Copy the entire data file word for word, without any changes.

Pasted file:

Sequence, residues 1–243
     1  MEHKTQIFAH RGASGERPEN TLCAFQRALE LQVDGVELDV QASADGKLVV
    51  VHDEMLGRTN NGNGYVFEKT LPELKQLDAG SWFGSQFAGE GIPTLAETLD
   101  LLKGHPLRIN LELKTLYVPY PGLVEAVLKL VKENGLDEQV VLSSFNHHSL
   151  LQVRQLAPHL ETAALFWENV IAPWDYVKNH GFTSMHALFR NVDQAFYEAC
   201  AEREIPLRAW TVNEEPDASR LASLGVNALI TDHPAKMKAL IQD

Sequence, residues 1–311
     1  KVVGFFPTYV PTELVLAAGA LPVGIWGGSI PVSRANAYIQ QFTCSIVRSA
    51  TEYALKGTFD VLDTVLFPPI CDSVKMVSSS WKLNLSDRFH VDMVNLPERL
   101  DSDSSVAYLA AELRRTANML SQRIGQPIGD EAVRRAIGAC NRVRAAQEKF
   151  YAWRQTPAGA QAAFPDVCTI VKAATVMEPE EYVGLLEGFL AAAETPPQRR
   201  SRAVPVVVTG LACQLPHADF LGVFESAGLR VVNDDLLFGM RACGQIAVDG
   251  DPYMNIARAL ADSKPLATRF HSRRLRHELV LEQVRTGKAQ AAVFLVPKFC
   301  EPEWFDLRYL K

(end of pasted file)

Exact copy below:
Sequence, residues 1–243
     1  MEHKTQIFAH RGASGERPEN TLCAFQRALE LQVDGVELDV QASADGKLVV
    51  VHDEMLGRTN NGNGYVFEKT LPELKQLDAG SWFGSQFAGE GIPTLAETLD
   101  LLKGHPLRIN LELKTLYVPY PGLVEAVLKL VKENGLDEQV VLSSFNHHSL
   151  LQVRQLAPHL ETAALFWENV IAPWDYVKNH GFTSMHALFR NVDQAFYEAC
   201  AEREIPLRAW TVNEEPDASR LASLGVNALI TDHPAKMKAL IQD

Sequence, residues 1–311
     1  KVVGFFPTYV PTELVLAAGA LPVGIWGGSI PVSRANAYIQ QFTCSIVRSA
    51  TEYALKGTFD VLDTVLFPPI CDSVKMVSSS WKLNLSDRFH VDMVNLPERL
   101  DSDSSVAYLA AELRRTANML SQRIGQPIGD EAVRRAIGAC NRVRAAQEKF
   151  YAWRQTPAGA QAAFPDVCTI VKAATVMEPE EYVGLLEGFL AAAETPPQRR
   201  SRAVPVVVTG LACQLPHADF LGVFESAGLR VVNDDLLFGM RACGQIAVDG
   251  DPYMNIARAL ADSKPLATRF HSRRLRHELV LEQVRTGKAQ AAVFLVPKFC
   301  EPEWFDLRYL K